[cross-posted at BHL]
Two of my Molinari/C4SS comrades have new books out.
One is Kevin Carson’s The Desktop Regulatory State: The Countervailing Power of Individuals and Networks. The blurb says:
Defenders of the modern state often claim that it’s needed to protect us – from terrorists, invaders, bullies, and rapacious corporations. Economist John Kenneth Galbraith, for instance, famously argued that the state was a source of “countervailing power” that kept other social institutions in check. But what if those “countervailing” institution – corporations, government agencies and domesticated labor unions – in practice collude more than they “countervail” each other? And what if network communications technology and digital platforms now enable us to take on all those dinosaur hierarchies as equals – and more than equals? In The Desktop Regulatory State, Kevin Carson shows how the power of self-regulation, which people engaged in social cooperation have always possessed, has been amplified and intensified by changes in consciousness – as people have become aware of their own power and of their ability to care for themselves without the state – and in technology – especially information technology. Drawing as usual on a wide array of insights from diverse disciplines, Carson paints an inspiring, challenging, and optimistic portrait of a humane future without the state, and points provocatively toward the steps we need to take in order to achieve it.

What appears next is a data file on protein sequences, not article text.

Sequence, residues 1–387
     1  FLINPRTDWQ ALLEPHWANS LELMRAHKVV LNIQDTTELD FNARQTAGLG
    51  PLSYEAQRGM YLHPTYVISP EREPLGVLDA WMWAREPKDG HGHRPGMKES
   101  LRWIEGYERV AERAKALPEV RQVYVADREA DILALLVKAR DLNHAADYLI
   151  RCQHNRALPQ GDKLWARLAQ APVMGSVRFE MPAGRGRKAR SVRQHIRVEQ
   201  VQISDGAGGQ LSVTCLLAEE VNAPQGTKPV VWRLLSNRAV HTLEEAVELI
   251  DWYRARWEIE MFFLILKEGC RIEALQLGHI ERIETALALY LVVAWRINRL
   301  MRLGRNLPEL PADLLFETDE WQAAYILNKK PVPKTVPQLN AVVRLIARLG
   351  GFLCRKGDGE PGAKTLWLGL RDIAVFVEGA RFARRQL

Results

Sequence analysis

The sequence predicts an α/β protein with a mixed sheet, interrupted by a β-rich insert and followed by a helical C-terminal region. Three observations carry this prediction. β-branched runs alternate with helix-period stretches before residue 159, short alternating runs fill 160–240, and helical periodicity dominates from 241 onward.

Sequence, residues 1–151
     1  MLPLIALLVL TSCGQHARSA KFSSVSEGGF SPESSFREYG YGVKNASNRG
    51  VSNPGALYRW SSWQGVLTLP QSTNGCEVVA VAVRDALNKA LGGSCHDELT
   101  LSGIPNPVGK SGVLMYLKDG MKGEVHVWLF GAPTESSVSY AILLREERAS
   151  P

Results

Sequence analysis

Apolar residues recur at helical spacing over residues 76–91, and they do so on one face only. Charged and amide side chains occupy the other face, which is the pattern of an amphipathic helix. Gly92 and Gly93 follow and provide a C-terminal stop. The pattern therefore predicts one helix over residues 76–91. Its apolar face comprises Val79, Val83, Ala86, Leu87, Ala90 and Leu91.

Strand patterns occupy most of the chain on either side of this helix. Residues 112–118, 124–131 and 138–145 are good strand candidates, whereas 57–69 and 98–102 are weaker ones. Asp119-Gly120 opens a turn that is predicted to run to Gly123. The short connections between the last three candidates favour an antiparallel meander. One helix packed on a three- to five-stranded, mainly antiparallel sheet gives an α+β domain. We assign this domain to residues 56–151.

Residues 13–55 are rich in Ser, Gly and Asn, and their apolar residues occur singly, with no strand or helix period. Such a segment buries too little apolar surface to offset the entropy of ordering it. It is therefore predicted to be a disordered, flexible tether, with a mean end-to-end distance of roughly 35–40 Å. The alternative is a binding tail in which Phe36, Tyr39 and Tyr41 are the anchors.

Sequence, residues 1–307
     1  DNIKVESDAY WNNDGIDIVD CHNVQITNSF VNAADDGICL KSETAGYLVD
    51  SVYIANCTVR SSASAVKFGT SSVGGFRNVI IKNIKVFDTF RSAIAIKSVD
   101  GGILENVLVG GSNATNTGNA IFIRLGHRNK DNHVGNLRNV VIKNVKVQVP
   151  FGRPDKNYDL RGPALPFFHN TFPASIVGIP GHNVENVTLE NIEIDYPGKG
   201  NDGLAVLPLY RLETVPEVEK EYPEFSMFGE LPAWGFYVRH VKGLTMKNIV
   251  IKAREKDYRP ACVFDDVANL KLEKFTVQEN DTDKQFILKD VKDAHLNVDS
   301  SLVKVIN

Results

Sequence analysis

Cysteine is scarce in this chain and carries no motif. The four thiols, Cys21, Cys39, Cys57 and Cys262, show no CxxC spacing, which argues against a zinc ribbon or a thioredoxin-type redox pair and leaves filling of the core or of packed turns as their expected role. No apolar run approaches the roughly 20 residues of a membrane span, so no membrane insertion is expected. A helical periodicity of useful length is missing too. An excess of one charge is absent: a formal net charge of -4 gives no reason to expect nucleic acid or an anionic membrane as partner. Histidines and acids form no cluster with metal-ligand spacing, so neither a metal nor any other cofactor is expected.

The other is Sheldon Richman’s America’s Counter-Revolution: The Constitution Revisited. The blurb says:
This book challenges the assumption that the Constitution was a landmark in the struggle for liberty. Instead, Sheldon Richman argues, it was the product of a counter-revolution, a setback for the radicalism represented by America’s break with the British empire. Drawing on careful, credible historical scholarship and contemporary political analysis, Richman suggests that this counter-revolution was the work of conservatives who sought a nation of “power, consequence, and grandeur.” America’s Counter-Revolution makes a persuasive case that the Constitution was a victory not for liberty but for the agendas and interests of a militaristic, aristocratic, privilege-seeking ruling class.
Another of my Molinari/C4SS comrades, Nick Ford, has a forthcoming anthology on anti-work anarchism, titled Instead of a Book, By a Man Too Lazy to Write One; check out the description.